Having just spent 3 weeks in Southeast Asia, enjoying jaw-dropping sights, mouth-watering cuisine, eye-opening historical and cultural lessons, and connecting with intriguing, kind, generous, and delightful people all over Vietnam and Cambodia, I am feeling really torn about the need to be vigilant about public health safety and the incessant focus on the fear of contracting COVID-19 (commonly referred to by the virus that causes it, Coronavirus) and how that’s creating devastating, rippling effects in global economies, encouraging xenophobia, and making people panic worldwide.
Let me be clear, the illnesses and deaths related to COVID-19 are serious and sad, but I’m interested in perspective and thoughtful risk assessment as a traveler. And I simply want to share what I’ve found researching medical information and also my own personal experiences from my recent journey.
While the situation is constantly evolving, according to a recent article from John Hopkins Medicine, here are some facts about this novel virus:
|Virus that causes illness||Several variations of influenza virus||Coronavirus|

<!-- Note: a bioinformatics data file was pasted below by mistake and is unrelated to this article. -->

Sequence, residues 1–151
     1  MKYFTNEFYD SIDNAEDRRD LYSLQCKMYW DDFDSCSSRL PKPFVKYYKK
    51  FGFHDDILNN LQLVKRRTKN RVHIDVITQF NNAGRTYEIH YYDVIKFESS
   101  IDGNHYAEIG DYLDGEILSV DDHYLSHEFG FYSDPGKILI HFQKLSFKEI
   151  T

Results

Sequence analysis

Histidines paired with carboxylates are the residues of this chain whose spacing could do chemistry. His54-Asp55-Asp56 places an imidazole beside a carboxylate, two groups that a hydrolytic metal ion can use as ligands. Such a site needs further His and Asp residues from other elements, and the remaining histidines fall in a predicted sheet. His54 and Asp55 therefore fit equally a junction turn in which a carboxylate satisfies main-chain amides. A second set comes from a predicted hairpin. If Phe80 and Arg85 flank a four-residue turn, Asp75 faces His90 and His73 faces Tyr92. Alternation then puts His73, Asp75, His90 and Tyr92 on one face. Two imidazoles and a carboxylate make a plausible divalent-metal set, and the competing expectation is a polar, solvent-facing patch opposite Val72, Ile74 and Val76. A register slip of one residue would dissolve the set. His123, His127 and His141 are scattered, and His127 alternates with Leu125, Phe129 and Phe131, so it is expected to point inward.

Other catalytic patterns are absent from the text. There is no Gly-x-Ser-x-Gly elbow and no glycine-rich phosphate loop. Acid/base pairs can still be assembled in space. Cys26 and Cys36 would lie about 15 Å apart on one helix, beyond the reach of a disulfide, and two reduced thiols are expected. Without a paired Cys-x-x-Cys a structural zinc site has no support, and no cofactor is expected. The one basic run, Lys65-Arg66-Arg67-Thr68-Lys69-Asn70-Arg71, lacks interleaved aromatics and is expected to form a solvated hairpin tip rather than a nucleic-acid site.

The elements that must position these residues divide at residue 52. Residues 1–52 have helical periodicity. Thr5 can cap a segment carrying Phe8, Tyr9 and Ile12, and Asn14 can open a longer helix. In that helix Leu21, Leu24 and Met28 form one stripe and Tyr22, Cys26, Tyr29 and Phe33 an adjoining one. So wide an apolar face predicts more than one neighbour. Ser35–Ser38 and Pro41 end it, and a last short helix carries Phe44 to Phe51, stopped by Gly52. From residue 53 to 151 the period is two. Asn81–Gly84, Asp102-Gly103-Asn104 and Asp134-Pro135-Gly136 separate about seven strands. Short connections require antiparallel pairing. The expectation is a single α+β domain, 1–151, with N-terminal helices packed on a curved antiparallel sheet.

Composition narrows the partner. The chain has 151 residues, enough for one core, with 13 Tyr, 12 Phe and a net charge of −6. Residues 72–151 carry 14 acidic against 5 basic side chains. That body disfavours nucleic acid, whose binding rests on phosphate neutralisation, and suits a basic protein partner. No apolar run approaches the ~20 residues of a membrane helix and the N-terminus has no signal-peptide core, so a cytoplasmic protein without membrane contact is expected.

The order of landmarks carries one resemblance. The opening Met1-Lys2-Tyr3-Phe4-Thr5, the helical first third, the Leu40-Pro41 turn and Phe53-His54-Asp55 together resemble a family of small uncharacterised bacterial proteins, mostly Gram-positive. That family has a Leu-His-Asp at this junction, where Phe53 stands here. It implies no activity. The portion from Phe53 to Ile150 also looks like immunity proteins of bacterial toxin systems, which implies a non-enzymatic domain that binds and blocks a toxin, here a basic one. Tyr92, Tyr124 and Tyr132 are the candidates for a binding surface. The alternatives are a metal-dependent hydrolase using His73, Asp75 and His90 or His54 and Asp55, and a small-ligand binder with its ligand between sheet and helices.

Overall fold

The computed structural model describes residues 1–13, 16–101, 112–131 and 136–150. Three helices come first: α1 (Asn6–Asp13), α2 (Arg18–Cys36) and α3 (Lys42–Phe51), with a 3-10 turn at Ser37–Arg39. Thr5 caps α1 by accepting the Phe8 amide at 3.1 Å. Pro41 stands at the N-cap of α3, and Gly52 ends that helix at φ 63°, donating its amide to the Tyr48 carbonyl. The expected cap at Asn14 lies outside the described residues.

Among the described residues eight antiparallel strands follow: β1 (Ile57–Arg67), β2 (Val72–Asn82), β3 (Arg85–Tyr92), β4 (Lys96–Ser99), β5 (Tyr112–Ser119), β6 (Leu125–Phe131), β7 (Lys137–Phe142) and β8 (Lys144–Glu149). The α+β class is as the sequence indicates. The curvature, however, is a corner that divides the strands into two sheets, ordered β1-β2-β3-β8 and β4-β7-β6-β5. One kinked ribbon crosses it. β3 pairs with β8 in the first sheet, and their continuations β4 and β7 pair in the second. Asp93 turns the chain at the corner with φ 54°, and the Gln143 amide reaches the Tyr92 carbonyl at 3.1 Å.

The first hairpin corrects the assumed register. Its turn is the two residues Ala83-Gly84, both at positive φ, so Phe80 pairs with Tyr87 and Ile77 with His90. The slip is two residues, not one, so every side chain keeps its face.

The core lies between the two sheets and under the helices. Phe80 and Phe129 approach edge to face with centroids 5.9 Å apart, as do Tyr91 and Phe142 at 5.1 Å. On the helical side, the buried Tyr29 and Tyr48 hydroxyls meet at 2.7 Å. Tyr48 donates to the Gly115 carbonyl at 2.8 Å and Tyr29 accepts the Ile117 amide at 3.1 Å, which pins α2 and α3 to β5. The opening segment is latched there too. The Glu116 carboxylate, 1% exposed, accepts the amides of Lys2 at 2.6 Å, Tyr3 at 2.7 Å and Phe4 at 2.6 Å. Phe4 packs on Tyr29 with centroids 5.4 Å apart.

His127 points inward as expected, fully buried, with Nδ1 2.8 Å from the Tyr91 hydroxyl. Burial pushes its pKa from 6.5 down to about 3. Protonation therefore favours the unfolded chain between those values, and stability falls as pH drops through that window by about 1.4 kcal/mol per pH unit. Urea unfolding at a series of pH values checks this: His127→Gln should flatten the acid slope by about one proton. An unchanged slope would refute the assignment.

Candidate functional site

|Symptoms: fever, cough, body aches, fatigues; sometimes vomiting and diarrhea; can be mild to severe, even fatal in rare cases; can result in pneumonia||X||X|
|Transmission: contaminated droplets in the air via an infected person coughing, sneezing, or talking||X||X|
|Transmission: contaminated droplets remaining in the air after infected person is gone||—||X (possibly)|
|Treatment: antiviral medications||X||(currently being tested)|
|Treatment: vaccine||X||(currently in progress)|
|Treatment of symptoms such as reducing fever, controlling diarrhea||X||X|
|Treatment: hospitalization and mechanical ventilation in rare cases||X||X|